Here we look at 2 index ETFs for Emerging Markets stocks – IEMG from iShares and VWO from Vanguard.
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In a hurry? Here are the highlights:
- IEMG and VWO are the two most popular ETFs for Emerging Markets.
- IEMG is from iShares. VWO is from Vanguard.
- IEMG tracks the MSCI Emerging Markets Investable Market Index. VWO tracks the FTSE Emerging Markets All Cap China A Inclusion Index.
- IEMG has an expense ratio of 0.09%. VWO is slightly cheaper at 0.08%.
- IEMG has about 2,500 holdings. VWO has about 4,300 holdings.
- Both funds are highly liquid; both have an average spread of 0.01%.
- VWO is slightly more popular than IEMG.
- IEMG has slightly more exposure to larger technology companies.
- IEMG includes Korea while VWO does not.
- Performance between the two funds has been neck and neck every year.
- This is a great pair to use for tax loss harvesting purposes to avoid a wash sale.
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IEMG vs. VWO – Differences in Methodology and Composition
If you’ve landed here, you probably already know that index funds are a great way to get instant diversification across sectors and cap sizes. Competition for lower fees has also made index ETFs cheaper for retail investors with every passing year.
IEMG is the iShares Core MSCI Emerging Markets ETF. It is the second most popular fund to capture Emerging Markets stocks, so it made the list when I explored the best Emerging Markets ETFs here. It was established in late 2012. The fund seeks to track the MSCI Emerging Markets Investable Market Index. IEMG has over $75 billion in assets and has a little over 2,500 holdings.
VWO is the Vanguard FTSE Emerging Markets ETF. The fund provides similar broad exposure to Emerging Markets stocks. It launched in 2005. The fund seeks to track the FTSE Emerging Markets All Cap China A Inclusion Index. This ETF holds about 4,300 stocks. VWO is slightly more popular than IEMG with over $80 billion in assets.
The biggest difference here is that IEMG includes South Korea while VWO does not. A big name in the crosshairs that comes to mind is Samsung. As a result, VWO is more concentrated geographically with greater exposure to its top markets like China, India, and Taiwan, which comprise roughly 67% of the fund, while these countries make up about 59% of IEMG.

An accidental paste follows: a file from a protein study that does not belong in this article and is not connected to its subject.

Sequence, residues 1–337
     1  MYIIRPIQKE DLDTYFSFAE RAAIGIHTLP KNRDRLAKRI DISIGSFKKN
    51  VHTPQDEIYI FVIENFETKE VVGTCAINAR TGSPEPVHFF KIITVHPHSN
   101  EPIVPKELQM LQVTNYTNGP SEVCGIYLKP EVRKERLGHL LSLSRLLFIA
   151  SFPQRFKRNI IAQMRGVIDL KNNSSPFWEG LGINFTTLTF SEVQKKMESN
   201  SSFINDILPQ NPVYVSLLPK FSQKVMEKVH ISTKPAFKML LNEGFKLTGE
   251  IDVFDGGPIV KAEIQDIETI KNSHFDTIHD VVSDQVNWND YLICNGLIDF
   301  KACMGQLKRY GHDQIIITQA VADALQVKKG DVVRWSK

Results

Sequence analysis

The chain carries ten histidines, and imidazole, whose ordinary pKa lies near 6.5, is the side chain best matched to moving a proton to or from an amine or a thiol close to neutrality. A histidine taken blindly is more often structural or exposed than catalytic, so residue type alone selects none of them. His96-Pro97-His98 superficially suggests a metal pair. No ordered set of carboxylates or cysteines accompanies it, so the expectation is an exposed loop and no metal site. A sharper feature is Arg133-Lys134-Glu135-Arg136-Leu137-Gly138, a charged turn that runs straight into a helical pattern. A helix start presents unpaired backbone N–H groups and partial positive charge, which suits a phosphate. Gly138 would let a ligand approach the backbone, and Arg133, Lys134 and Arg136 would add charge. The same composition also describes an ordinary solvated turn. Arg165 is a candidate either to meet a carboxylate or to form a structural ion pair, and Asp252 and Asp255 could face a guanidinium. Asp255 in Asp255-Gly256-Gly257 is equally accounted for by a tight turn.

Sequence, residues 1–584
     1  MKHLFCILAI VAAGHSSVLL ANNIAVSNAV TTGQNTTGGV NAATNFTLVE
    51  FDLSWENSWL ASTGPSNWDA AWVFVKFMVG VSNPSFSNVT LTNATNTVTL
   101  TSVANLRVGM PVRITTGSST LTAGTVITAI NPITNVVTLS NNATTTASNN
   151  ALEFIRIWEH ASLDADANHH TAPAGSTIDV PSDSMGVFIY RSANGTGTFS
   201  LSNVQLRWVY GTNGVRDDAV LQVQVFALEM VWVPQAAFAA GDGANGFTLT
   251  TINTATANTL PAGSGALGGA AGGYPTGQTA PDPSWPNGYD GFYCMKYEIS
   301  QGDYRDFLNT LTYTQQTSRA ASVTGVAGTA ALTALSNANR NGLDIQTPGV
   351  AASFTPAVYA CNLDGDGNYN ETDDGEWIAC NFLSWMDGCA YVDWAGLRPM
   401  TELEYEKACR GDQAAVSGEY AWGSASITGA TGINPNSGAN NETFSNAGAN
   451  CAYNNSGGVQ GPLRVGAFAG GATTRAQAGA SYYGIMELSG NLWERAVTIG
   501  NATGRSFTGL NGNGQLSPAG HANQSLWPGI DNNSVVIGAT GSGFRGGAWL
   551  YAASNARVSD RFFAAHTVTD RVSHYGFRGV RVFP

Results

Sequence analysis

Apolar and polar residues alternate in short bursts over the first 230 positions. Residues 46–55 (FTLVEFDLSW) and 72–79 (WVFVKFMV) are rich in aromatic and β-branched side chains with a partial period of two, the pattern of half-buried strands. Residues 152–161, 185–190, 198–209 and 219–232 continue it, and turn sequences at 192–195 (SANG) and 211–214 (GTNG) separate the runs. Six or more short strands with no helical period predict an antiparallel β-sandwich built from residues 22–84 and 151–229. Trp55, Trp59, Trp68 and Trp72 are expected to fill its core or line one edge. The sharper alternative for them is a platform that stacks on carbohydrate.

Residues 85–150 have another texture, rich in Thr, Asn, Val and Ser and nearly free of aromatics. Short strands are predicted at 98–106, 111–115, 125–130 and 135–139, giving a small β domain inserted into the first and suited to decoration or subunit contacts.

This is the case because the MSCI index that IEMG tracks classifies Korea as an emerging market, while VWO’s FTSE index does not. Thus, you’ll instead find Korea in VEA, Vanguard’s ETF for Developed Markets.
As you’ll see below, all this hasn’t resulted in a significant performance difference between the two.
Both of these funds are highly liquid, with an average spread of 0.01%. Sector composition is nearly identical, with IEMG having slightly more exposure to tech companies. IEMG also costs 1 basis point more with a fee of 0.09%, while VWO is 0.08%.
IEMG vs. VWO – Historical Performance
Outperformance between these two tends to switch off year to year. Going back to IEMG’s inception in 2012, it has slightly outperformed VWO when looking through 2021:
Conclusion – IEMG vs. VWO
IEMG and VWO are basically interchangeable, but your choice may come down to your view on Korea and subsequently, whether or not your portfolio is also exposed to ex-US Developed Markets. I already have Korea via VEA, so I like VWO just for its slightly lower fee and greater number of holdings, so I own it. Either is a fine choice for broad exposure to Emerging Markets. This is definitely a great pair to use for tax loss harvesting purposes to avoid a wash sale.
Disclosure: I am long VEA and VWO in my own portfolio.
Disclaimer: While I love diving into investing-related data and playing around with backtests, I am in no way a certified expert. I have no formal financial education. I am not a financial advisor, portfolio manager, or accountant. This is not financial advice, investing advice, or tax advice. The information on this website is for informational and recreational purposes only. Investment products discussed (ETFs, mutual funds, etc.) are for illustrative purposes only. It is not a recommendation to buy, sell, or otherwise transact in any of the products mentioned. Do your own due diligence. Past performance does not guarantee future returns. Read my lengthier disclaimer here.
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Might be worth updating this article to include the lowered expense ratios (though VWO is still cheaper). Also might want to mention that people should consider what developed ETF would pair with each.
VWO and VEA for FTSE
IEMG and IDEV for MSCI
Wouldn’t want to miss out on South Korea.
Funny timing, I was just looking at these two but then saw an even more intriguing EM ETF – EMXC. Personally, I am bearish on China and already have exposure to AVES and when I went to Portfolio Visualizer’s Factor Analysis, EMXC actually was statistically significant with the Value factor since its inception while VWO, IEMG and even SCHE had no factor significance. What do you think? The only downside with EMXC is it’s higher net expense ratio and portfolio turnover. Thanks for the article!